Museum on Main Street

Museum on Main Street

Museum on Main Street (MoMS) is a one-of-a-kind cultural project that serves small town museums and residents of rural America. This program is a partnership of the Smithsonian Institution Traveling Exhibition Service (SITES) and state humanities councils nationwide. This program is made possible in NC by the North Carolina Humanities Council.

Nationwide, MoMS combines the prestige of Smithsonian Institution exhibitions, the program expertise of state humanities councils, and the remarkable volunteerism and unique histories of small rural towns. MoMS is funded by the United States Congress. 

How To Apply to be a 2020 Host Site

  1. Please review the Water/Ways RFP for full exhibit details and host site expectations before begining your proposal
  2. Review the application instructions and FAQs then watch this video tutorial on the online application process.
  3. Get started on your application in our online application system using one of the two options below:
    A. If you are new to the online system, please create an account prior to applying. Once you have created your account and are logged in to your Applicant Dashboard, click "Apply" in the upper left-hand corner to view an alphabetical list of all open Council opportunities. Scroll down and select "2020 Museum on Main Street Program" and complete the form. 

    B. If you have previously created an account, please click here to login. Once on your Applicant Dashboard click "Apply" in the upper left-hand corner to view an alphabetical list of all open Council opportunities. Scroll down and select "2020 Museum on Main Street Program" and complete the form. 

    Still have questions? We are here to help! We offer one-on-one application coaching sessions. Please reach out to Caitlin Patton at cpatton@nchumanities.org or (704) 687-1521.

Want to know more about Museum on Main Street tours past and present? Check our our interactive tour map!

The Council's 2020-2021 Smithsonian exhibit is Water/Ways which dives into water--an essential component of life on our planet, environmentally, culturally, and historically.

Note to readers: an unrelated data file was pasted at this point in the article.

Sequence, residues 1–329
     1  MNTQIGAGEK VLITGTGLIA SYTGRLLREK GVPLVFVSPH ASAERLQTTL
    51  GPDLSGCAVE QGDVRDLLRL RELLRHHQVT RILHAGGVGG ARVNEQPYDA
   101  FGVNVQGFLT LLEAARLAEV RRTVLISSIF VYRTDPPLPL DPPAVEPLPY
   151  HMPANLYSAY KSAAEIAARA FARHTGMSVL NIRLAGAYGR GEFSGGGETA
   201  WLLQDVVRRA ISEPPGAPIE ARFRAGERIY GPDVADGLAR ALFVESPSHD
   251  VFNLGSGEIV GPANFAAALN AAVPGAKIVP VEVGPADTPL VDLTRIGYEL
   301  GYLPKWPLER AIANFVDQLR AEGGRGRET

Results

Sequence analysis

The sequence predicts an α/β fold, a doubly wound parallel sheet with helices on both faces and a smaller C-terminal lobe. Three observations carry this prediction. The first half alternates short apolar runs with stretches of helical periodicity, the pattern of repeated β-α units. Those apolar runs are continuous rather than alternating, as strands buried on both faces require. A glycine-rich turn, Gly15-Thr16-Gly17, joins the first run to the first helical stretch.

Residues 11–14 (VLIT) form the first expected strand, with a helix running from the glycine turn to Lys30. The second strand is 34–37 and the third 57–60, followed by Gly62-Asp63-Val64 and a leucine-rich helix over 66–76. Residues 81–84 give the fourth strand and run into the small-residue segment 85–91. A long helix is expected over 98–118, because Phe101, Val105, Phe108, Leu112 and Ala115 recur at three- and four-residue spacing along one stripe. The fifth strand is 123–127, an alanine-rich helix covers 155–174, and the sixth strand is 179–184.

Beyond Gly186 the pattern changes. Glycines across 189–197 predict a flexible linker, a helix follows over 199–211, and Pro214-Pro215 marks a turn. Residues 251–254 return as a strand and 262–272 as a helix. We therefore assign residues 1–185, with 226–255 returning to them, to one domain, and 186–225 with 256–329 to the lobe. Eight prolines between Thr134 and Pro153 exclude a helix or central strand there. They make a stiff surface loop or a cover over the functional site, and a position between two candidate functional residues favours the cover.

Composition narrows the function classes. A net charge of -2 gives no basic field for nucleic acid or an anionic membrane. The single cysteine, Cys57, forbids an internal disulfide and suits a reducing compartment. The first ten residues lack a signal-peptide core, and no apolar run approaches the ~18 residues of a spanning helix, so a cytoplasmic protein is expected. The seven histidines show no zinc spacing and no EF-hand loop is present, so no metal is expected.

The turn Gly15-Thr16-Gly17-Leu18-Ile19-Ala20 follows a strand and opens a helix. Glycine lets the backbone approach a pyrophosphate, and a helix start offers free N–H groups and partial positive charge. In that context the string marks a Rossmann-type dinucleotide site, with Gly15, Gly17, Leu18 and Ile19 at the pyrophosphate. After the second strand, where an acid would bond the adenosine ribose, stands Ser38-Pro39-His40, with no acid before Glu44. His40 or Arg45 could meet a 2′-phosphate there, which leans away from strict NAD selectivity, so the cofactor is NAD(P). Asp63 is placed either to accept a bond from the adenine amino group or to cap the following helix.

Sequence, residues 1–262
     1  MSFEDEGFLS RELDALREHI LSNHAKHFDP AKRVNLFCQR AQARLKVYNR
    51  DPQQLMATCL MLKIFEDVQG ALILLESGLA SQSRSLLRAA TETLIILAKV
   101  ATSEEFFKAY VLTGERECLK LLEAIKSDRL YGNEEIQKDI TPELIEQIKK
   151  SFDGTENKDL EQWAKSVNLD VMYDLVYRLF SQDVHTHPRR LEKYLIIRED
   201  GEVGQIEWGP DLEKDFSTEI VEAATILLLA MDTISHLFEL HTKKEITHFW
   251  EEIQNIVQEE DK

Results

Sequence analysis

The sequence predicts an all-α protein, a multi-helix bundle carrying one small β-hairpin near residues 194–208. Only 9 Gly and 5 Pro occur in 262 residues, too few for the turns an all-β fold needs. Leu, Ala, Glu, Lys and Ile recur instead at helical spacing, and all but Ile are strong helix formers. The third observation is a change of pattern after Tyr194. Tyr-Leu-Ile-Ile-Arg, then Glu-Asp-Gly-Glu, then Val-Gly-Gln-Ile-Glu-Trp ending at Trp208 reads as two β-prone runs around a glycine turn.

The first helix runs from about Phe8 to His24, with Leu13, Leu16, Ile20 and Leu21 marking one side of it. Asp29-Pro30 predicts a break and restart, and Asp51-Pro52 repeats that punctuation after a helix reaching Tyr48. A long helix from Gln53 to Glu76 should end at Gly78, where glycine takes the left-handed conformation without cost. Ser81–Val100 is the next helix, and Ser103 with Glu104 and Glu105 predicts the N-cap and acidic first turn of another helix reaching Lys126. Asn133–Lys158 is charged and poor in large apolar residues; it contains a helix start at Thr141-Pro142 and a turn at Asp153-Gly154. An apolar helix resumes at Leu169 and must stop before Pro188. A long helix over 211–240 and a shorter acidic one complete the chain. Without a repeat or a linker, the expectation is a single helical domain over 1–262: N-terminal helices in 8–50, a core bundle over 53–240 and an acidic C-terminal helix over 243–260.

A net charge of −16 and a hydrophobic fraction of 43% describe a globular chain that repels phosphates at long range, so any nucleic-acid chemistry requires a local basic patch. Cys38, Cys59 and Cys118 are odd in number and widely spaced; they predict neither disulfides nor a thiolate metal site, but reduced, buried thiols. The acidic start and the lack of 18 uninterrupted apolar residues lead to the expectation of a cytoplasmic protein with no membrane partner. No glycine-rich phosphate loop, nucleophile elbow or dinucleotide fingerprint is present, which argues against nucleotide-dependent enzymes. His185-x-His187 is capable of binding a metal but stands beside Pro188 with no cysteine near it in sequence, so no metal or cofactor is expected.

In societies across the globe, water serves as a source of peace and contemplation. Many faiths revere water as a sacred symbol. Authors and artists are inspired by the complex character of water – a substance that is seemingly soft and graceful that is yet a powerful and nearly unstoppable force.

Water also plays a practical role in American society. The availability of water affected settlement and migration patterns. Access to water and control of water resources have long been a central part of political and economic planning. Human creativity and resourcefulness provide new ways of protecting water resources and renewing respect for the natural environment.

 

The Way We Worked is the Council's 2018 tour and it features American workers perform a diverse array of jobs to power our society. Whether we work for professional satisfaction and personal growth or to ensure the well-being of ourselves and our families, work is a part of nearly every American’s life. Office workers, factory workers, homemakers, truckers and the millions more who keep the nation going through their work make great contributions not only to industry, but also to American culture. The Way We Worked is brought to North Carolina by the North Carolina Humanities Council and made possible by support from the Porter Durham Family

 

Hometown Teams: How Sports Shape America offers rural communities in North Carolina the opportunity to understand the value of sports in history ranging from ancient Cherokee Indians with anetso, the ancestor of modern day lacrosse to current
day professional teams such as the Carolina Panthers and Carolina Hurricanes. The aim of the exhibitions are to educate, celebrate, and highlight how sports can alter community development and create discussion and change throughout history.  Hometown Teams: How Sports Shape America, toured six sites in North Carolina throughout 2015.

 

Journey Stories, our 2012 Museum on Main Stree (MoMS) exhibition, examined the tales of how we and our ancestors came to America – are a central element of our personal heritage. From Native Americans to new American citizens and regardless of our ethnic or racial background, everyone has a story to tell. Our history is filled with stories of people leaving behind everything – families and possessions – to reach a new life in another state, across the continent, or even across an ocean.

 

 

New Harmonies our 2010 tour took visitors on a journey through the development of Americans' creative expression through music. The music that emerges is known by names such as blues, country western, folk ballads, and gospel. The main beat of this exhibition, is the on-going cultural process that has made America the birthplace of more music than any place on earth.